Just about every die roll you make is going to be modified based on your character's abilities. A tough character has better chance of surviving a wyvern's poison sting. A perceptive character is more likely to notice bugbears sneaking up from behind. A stupid character is not as likey to find a secret door that leads to a hidden treasure chamber. Your abilityscores tell you what your modifiers are for rolls such as these.
Each of your character's above-average gives you a benefit on certain die rolls, and each below-average ability gives you a disadvantage on other die rolls. In NWN2, you determine your ability scores using a point buy system. You start with an 8 in each of your six abilities. You then have 32 points to spend to increase them. You cannot raise any ability higher than 18 although racial adjustments will allow you to exceed this limit. You will be able to achieve higher scores as you play - gaining one additional point every four levels starting at level 4. As an ability score is raised to exceptional levels, it becomes more expensive to raise further, as shown in the chart below. Raising an ability score from 8 to 16, for example, costs 10 points, so be careful not to neglect the rest of your characters abilities while making one or two exceptional. Note that racial ability score adjustments are applied after you have assigned your points.
Strength measures the muscle and physical power of your character. This ability is especially important for fighters, barbarians, paladins, rangers, and monks because it helps them prevail in combat.
Dexterity measures agility, reflexes, and balance. This ability is most important for rogues and warlocks, but also for characters who typically wear light or medium armor (barbarians and rangers) or none at all (monks, wizards, and sorcerers), or for any character who wants to be a skilled archer.
Constitution represents the health and stamina of your character. High constitution increases the number of hit points a character has (affecting how much damage they can take), and this makes it important for everyone, but especially so for fighters. If constitution ever increases, hit points increase retroactively as well. Spellcasters also need strong constitution to keep their spells from being interrupted during combat.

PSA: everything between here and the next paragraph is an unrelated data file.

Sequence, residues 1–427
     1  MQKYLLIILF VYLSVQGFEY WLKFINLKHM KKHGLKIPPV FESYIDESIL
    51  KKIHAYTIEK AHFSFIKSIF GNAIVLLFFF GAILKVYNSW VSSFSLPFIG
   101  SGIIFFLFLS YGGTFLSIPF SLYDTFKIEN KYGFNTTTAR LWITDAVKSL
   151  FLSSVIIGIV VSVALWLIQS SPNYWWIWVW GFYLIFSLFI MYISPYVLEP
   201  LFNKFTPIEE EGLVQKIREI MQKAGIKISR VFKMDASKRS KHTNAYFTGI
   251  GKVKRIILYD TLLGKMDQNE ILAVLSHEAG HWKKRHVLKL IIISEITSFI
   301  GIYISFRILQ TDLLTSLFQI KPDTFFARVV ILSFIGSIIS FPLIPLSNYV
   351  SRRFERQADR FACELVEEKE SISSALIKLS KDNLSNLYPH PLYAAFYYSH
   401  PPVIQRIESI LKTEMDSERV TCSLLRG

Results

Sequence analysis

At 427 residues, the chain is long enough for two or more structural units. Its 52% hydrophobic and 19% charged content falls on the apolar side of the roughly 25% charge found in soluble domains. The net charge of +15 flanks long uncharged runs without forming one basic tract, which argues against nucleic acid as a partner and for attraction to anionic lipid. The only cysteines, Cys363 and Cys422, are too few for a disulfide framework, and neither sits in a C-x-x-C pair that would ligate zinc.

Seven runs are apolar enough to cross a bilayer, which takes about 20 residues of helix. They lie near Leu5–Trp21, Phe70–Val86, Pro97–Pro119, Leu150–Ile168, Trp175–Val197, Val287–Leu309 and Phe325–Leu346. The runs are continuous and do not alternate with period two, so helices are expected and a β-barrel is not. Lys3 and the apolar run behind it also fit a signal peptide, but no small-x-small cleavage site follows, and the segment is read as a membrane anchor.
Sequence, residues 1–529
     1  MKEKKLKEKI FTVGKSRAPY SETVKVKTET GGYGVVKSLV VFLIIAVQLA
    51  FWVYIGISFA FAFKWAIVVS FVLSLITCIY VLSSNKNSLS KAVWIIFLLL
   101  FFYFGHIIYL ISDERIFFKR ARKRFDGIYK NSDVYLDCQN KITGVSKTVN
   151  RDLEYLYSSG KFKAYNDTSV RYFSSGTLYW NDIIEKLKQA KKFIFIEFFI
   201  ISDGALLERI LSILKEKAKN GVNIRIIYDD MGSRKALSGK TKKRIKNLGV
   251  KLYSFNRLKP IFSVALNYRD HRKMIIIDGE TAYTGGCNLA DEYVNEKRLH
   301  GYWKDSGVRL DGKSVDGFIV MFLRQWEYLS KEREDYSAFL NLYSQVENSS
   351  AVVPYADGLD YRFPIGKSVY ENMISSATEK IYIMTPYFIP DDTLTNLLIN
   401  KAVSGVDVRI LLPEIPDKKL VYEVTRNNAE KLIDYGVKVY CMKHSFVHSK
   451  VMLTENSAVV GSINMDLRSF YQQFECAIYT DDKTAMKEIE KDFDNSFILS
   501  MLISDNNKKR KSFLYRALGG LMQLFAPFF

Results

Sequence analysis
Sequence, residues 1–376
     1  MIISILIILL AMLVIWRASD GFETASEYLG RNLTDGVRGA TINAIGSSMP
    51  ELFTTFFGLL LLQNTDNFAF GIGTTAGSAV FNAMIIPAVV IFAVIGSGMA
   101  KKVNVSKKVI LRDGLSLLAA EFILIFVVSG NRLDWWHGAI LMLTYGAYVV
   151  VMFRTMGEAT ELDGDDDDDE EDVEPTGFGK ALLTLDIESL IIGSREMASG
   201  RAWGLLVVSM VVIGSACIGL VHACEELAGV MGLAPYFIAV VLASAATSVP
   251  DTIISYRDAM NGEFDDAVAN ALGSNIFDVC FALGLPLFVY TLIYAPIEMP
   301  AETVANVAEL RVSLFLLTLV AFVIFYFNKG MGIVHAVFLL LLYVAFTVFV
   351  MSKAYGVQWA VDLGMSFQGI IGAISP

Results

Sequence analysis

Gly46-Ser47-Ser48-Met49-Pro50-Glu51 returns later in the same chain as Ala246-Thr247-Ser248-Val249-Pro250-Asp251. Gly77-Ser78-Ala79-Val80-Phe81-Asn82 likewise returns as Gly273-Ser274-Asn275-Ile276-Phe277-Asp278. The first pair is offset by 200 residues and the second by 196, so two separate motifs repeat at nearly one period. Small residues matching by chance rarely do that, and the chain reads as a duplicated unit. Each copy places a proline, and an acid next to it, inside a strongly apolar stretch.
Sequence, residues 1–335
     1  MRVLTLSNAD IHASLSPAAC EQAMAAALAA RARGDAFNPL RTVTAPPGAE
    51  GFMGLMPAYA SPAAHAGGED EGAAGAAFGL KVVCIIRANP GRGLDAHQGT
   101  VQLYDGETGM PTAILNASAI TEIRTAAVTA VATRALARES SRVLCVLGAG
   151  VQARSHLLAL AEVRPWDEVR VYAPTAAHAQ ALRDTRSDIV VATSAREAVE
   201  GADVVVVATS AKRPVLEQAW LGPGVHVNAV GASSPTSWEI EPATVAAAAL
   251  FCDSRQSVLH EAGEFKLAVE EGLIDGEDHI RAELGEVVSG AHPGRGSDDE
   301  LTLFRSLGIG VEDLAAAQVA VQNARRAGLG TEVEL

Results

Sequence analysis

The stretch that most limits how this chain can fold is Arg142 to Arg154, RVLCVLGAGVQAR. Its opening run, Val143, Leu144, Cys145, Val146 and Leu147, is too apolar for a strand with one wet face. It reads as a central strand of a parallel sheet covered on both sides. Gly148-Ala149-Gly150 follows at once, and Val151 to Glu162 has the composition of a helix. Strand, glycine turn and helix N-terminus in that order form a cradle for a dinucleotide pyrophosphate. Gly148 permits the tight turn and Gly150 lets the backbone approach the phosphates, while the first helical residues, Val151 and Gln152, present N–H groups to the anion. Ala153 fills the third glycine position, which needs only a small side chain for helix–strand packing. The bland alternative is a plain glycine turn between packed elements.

Intelligence determines how well your character learns and reasons. Intelligence is important for wizards because it affects how many spells they can cast, how hard their spells are to resist, and how powerful their spells can be. It is also important for any character who wants to have a strong assortment of skills, however increasing your Intelligence will not grant bonus skill points retroactively.
Keep in mind that sorcerers, bards, and warlocks do not use Intelligence for any of their spellcasting - Charisma is used instead.
Wisdom describes a character's willpower, common sense, perception, and intuition, whereas Intelligence represents the ability to analyze information. An "absent-minded professor" has low Wisdom and high Intelligence. A simpleton with low Intelligence might nevertheless be very perceptive (have high Wisdom). Wisdom is important for clerics and druids, affecting the strength and number of their spells, and is also significant for paladins and rangers. It is very important for monks as well, modifying many of their abilities. The wise character is capable of intuitively understanding others, occasionally having insights into their motivations.
Charisma measures a character's force of personality, persuasiveness, ability to lead, and physical attractiveness. It represents actual personal strength, not merely how one is perceived by others in a social setting. Charisma is most important for warlocks, paladins, sorcerers, and bards since it determines what spells they can cast, as well as the effectiveness of those spells. It is also important for clerics, as it affects their ability to turn undead. All characters benefit from having a high charisma when speaking with others in the world since it modifies the player's Diplomacy, Bluff, and Intimidate skill checks. Keep in mind that wizards use Intelligence for their spellcasting, not Charisma.